No one ever says that Roberto Hernandez doesn't have good stuff.
That's a sinker and a four seam fastball that average 92 mph, a changeup at 85 mph, and a slider at 83 mph. The sinker is, obviosuly, one of the better groundball inducers in the game, and all discussions about Hernandez start there. But despite it's obvious quality, Hernandez's sinker has gotten hit and hit hard over his career. I asked our local Cleveland expert, Steve Kinsella, why:
His poor performances seemed to be a result of a number of things cascading on him. He always has a lot of movement and when an umpire doesn't give him the low part of the zone he gets bothered. This results in overthrowing, walks, and inevitably a ball that gets up in the strike zone and leaves the yard.These homers were a function of feeling like he had to bring the ball up that day.There was a second issue. Sometimes while the walks and groundballs made it through the infield there would be an error, a double play not turned, or a blown call behind the plate and he would just throw a meatball up there. Those were the inexcusable.What I have seen so far this season is a determination to keep the ball low in the zone and keep his emotions in check. If an umpire blows a call or he gives up a few bleeders or bloopers just keep being himself. Once I see him forcing the ball up in the zone or serving of meatballs up I'll be all about getting him out of the rotation.
So, Kinsella sees a pitcher with the ability to make marginal but important mental improvements. I think there was another aspect, though. Sinker overuse. A batter can take a borderline low pitch when he's looking for it. A batter can slam a slightly up pitch when he's looking for it.
When the Rays first signed Hernandez, I saw him as a potential bullpen reclamation ace. I thought his sinker , slider, and changeup were all being used appropriately, and that a transition to the pen would allow him to up his velocity and make all three more effective while completely dropping the inferior four-seam fastball.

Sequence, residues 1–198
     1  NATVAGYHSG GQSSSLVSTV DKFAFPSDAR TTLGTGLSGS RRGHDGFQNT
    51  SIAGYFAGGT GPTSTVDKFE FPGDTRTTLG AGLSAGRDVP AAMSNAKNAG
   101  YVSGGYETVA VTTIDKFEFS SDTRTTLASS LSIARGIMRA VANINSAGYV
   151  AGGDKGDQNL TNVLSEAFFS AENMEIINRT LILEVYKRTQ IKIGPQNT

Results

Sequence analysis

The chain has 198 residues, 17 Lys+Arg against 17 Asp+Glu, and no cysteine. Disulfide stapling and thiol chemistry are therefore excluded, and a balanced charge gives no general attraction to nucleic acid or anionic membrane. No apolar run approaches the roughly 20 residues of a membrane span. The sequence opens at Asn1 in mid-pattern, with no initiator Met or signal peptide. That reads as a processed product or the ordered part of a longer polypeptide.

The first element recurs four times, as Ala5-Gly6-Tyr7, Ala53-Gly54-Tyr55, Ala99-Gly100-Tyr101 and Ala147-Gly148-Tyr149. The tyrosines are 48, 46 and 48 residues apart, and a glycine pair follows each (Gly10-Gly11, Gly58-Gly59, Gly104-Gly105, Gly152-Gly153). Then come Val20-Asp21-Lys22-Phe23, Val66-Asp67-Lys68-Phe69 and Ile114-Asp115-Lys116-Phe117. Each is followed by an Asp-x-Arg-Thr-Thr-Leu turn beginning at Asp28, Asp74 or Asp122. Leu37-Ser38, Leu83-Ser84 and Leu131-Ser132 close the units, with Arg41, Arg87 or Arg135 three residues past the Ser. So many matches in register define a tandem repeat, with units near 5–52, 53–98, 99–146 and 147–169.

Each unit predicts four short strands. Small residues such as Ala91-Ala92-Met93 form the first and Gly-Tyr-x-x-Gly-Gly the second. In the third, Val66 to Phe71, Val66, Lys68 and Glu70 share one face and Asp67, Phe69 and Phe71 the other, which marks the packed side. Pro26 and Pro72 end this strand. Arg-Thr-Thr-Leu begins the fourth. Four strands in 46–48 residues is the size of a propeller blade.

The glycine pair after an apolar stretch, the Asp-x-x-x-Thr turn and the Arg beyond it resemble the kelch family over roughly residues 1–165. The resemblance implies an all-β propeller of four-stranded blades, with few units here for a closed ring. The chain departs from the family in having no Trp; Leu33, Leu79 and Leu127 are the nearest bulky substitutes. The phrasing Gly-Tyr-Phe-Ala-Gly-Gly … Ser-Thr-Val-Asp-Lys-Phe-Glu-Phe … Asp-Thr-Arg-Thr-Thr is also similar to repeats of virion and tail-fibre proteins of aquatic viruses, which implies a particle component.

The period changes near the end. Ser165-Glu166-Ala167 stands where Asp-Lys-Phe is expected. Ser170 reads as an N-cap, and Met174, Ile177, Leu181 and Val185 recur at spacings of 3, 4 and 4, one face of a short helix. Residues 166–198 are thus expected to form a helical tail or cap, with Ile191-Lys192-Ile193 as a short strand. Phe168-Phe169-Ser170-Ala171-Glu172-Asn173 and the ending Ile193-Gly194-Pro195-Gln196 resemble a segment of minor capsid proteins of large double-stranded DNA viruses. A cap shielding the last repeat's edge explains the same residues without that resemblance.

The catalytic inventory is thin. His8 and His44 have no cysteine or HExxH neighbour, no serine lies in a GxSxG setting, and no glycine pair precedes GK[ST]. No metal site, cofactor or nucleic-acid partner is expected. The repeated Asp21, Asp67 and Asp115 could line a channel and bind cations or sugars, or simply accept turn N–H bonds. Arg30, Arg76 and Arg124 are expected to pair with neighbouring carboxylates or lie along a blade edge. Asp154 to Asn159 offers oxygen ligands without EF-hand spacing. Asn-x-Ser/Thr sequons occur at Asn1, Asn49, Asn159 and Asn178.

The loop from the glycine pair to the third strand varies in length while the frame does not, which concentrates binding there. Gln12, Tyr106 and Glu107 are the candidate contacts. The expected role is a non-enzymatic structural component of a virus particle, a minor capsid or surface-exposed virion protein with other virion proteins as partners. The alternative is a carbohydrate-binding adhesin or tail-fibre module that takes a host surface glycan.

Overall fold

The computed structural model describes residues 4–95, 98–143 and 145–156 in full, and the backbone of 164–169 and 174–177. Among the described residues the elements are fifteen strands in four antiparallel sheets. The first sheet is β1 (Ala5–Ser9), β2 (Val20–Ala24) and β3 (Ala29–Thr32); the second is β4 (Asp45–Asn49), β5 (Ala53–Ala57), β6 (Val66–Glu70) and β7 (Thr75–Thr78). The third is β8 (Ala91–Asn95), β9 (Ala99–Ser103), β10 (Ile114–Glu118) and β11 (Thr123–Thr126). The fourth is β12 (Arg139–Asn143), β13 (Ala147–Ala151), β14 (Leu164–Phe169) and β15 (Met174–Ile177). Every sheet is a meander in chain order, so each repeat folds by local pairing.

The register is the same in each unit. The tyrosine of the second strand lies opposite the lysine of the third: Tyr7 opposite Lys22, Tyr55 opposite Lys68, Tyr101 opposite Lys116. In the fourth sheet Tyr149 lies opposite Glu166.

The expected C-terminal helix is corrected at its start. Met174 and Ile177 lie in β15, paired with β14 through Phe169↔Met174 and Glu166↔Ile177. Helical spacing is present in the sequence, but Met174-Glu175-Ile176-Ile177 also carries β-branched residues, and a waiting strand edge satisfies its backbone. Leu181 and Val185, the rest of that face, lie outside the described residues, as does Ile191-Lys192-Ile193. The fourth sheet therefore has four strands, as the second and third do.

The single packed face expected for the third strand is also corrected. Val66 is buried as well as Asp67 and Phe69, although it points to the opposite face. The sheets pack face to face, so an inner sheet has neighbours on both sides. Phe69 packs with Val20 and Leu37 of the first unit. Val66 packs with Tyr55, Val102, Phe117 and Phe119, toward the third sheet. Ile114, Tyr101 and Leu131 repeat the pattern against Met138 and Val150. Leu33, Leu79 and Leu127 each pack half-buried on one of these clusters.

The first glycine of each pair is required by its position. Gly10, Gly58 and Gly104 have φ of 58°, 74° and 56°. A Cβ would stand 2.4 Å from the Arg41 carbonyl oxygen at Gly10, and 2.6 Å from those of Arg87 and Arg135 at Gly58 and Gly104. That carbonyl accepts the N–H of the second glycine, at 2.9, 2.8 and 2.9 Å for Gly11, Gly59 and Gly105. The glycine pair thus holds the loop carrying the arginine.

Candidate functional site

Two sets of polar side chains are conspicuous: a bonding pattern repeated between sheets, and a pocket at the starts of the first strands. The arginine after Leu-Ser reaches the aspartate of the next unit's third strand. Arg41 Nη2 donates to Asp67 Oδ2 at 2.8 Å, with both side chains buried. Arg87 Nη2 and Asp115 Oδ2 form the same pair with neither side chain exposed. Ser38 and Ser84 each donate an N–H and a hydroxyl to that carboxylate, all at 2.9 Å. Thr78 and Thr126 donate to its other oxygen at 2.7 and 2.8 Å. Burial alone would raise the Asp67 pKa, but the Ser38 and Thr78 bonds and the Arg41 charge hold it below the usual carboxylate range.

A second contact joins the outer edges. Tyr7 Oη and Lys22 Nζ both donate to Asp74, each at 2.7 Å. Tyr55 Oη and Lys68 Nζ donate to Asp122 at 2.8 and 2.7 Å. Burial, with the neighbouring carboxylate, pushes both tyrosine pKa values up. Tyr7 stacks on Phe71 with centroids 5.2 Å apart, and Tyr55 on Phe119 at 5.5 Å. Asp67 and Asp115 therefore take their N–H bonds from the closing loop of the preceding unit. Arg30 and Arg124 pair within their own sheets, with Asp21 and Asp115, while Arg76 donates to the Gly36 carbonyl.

Now though, I believe I was wrong. Carmona has far more potential than that of a bullpen ace. He's can be a legitimate quality starter. He's showing an improved process, and I think he can improve that process even more. (I wrote most of but didn't finish before his last start, in which he pitched six innings of one-run ball, allowed six men to reach base, and struck out seven—this is why you should always meet your deadlines, kids.)
The shift in approach is obvious. Hernandez is throwing more changeups at the expense of both his poor four-seam fastball and his signature sinker. What I didn't understand before watching him this year is just how good his changeup is. Compare it to Fernando Rodney's changeup for a second, one of the best and most extreme in the game. It doesn't have the crazy arm-side run (it runs 7 inches to Rodney's 10), but it has three inches MORE drop to it on average (it has essentially no rise due to spin, which means that in real life it appears to dive dramatically). And like Rodney, despite all of the of the movement, Roberto Hernandez has been able to throw his changeup for a strike better than any of his other pitches over his entire career.
It's good what he's done, but Hernandez can and should lean on his changeup even more. It's his most whiff-inducing pitch (20% of the time when he throws it, 30% of the time when it's swung at), and it creates just marginally fewer ground balls than his sinker. Against right handed batters, Hernandez goes to his changeup heavily when he's ahead in the count, but almost never (3% of the time according to Brooks Baseball) on the first pitch.
Fausto, take a page out of 2012 Rodney's book (and James Shields before him). Throw your best pitch to every batter in every count. It's good enough, and the entire rest of your game will benefit. The process is good. The process can get better. Results will follow.
Use the below charts to examine Roberto Hernandez's approach for yourself: